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By Tom Sloper
February 17, 2013

No. #556

American (2013 AMJA card). This week I received the American Mah-Jongg Association's 2013 card from my friends at the AMJA. (Note: the AMJA card is an alternate card -- I am not talking about the NMJL card, which isn't due until April 1st.) Longtime readers may remember that in past years, I was the editor on the AMJA card. This is the first AMJA card I wasn't involved with (for personal reasons I prefer not to go into, I had to give up my editorship of the card) -- and I think this year's card looks good.

Family Names
The "families" of hands still have clever names. That is to say, instead of "2468" or "13579" we have "Don't Get Mad - Get Even" and "Isn't That Odd." But gone, thank goodness, are the names of grandkids (or whoever those names belonged to, in recent years' cards). Now any player (not only the close personal friends of Lois Madow, the AMJA president) can understand and appreciate the wittiness of the family names on the card. The other family names on the card are "Happy New Year" (2013), "Blowing In The Wind" (Winds-Dragons), "Word Game" (see below), "Gotta Run Now" (Consecutive Runs), "Threes Not A Crowd" (369), "Quints (Gimme Five)," and "Go No Jo" (Singles & Pairs).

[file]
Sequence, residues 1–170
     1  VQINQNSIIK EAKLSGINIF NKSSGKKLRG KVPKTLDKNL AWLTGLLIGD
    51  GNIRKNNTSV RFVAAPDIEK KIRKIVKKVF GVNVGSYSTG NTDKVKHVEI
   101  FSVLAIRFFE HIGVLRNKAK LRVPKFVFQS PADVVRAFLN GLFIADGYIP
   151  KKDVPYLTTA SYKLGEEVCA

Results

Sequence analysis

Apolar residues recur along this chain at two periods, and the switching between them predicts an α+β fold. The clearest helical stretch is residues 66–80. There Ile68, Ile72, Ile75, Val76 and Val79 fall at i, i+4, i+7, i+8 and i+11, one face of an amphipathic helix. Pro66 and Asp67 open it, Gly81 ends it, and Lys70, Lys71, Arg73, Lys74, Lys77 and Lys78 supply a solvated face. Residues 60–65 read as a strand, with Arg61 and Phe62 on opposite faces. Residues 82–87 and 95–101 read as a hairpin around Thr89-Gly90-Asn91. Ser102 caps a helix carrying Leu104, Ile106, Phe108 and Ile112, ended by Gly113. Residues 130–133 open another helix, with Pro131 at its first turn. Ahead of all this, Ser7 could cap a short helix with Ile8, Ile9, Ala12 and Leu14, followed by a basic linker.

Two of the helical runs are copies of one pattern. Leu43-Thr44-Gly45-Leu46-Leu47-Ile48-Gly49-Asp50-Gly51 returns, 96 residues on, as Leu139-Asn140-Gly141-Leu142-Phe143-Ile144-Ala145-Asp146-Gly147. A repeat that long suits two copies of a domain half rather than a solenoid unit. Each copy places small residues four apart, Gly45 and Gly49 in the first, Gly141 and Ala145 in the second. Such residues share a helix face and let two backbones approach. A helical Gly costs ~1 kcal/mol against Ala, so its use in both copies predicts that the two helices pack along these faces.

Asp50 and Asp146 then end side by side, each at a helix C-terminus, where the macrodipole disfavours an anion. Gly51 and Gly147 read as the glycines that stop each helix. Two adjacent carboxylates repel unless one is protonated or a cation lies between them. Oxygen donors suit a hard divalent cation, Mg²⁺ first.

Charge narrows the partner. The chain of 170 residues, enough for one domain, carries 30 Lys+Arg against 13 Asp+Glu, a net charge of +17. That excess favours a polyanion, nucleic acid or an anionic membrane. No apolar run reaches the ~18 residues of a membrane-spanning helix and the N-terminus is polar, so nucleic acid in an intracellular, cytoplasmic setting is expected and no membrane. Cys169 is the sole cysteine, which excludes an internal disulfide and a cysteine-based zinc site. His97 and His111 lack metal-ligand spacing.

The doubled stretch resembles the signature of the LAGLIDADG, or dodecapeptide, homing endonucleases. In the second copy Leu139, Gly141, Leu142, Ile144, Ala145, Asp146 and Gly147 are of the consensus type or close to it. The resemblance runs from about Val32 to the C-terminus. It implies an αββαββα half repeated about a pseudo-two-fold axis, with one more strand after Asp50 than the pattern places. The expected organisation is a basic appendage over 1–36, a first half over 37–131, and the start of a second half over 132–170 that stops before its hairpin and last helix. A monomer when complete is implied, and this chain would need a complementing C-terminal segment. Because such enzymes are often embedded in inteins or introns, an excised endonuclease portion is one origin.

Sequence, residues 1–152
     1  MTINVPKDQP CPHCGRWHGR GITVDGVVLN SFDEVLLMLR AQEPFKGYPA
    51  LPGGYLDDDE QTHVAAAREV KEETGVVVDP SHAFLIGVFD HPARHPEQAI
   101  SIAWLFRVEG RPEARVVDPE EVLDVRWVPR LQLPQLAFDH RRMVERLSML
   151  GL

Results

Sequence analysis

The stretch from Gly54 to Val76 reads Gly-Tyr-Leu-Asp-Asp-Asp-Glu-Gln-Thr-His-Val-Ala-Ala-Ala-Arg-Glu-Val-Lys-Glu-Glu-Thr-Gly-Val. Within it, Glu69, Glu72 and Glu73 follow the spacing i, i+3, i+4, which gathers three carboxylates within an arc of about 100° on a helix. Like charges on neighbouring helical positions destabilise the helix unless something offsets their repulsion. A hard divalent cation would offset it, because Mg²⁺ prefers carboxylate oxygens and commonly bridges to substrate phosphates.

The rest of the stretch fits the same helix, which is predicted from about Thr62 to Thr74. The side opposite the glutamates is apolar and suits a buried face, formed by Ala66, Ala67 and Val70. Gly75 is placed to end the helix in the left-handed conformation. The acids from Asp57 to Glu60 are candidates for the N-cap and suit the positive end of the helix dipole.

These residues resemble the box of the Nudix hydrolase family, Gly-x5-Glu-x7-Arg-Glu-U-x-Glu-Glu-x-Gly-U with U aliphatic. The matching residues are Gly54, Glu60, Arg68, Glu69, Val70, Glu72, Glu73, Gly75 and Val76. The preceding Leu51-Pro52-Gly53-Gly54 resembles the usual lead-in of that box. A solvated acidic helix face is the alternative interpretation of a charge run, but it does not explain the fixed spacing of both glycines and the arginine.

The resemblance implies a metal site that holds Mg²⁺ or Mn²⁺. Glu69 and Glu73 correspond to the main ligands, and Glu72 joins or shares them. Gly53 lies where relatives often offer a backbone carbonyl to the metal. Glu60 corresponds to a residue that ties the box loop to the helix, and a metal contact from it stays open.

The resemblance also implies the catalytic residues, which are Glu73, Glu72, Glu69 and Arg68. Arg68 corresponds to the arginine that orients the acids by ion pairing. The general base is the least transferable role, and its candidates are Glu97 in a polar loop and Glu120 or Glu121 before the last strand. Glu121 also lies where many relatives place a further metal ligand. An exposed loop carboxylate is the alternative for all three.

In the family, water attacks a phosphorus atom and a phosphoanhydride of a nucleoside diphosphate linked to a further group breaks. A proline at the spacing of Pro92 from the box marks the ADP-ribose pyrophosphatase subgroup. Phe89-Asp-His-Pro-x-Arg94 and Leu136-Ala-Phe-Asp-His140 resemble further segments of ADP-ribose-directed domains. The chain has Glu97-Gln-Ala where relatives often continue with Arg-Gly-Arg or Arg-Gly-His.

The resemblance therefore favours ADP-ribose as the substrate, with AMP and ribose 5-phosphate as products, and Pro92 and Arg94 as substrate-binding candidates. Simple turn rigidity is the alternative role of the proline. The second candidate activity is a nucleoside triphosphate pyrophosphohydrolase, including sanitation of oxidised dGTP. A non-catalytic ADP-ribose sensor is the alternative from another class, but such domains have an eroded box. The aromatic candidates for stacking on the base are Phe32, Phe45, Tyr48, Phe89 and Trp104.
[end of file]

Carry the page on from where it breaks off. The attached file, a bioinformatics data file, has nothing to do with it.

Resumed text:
Word Game
Another hallmark of the AMJA card is the way some hands spell out words. The numeral 1 can be used in place of the letter I, and the white dragon can be used as the letter O. Some examples:

J R1NG 1N 2O13 NOW

Mandated Jokers
As per AMJA tradition, this card uses jokers in ways that differ from the NMJL card. Jokers may be used as singles or pairs, but only when the card calls for them. For example:

JJ 111 222 333 444

Under AMJA rules, a discarded joker may be called, but only if it's the first discard in a game.

It's always been a philosophy of the AMJA card that hand values (worth) should be higher than those on the NMJL card. The lowest-scoring hand on the card is 35, and the highest is 1.00 (yes, a whole dollar!)

As I always say, the AMJA card is a fun alternative to the NMJL card. Get some for your group, and give it a try, why doncha.

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Where to order the yearly NMJL card: Read FAQ 7i.

Need rules for American mah-jongg? Tom Sloper's book, The Red Dragon & The West Wind, is the most comprehensive book in existence about the American game. AND see FAQ 19 for fine points of the American rules (and commonly misunderstood rules). AND get the official rulebook from the NMJL (see FAQ 3). Linda Fisher's website is the only website that describes American rules:

© 2013 Tom Sloper. All rights reserved.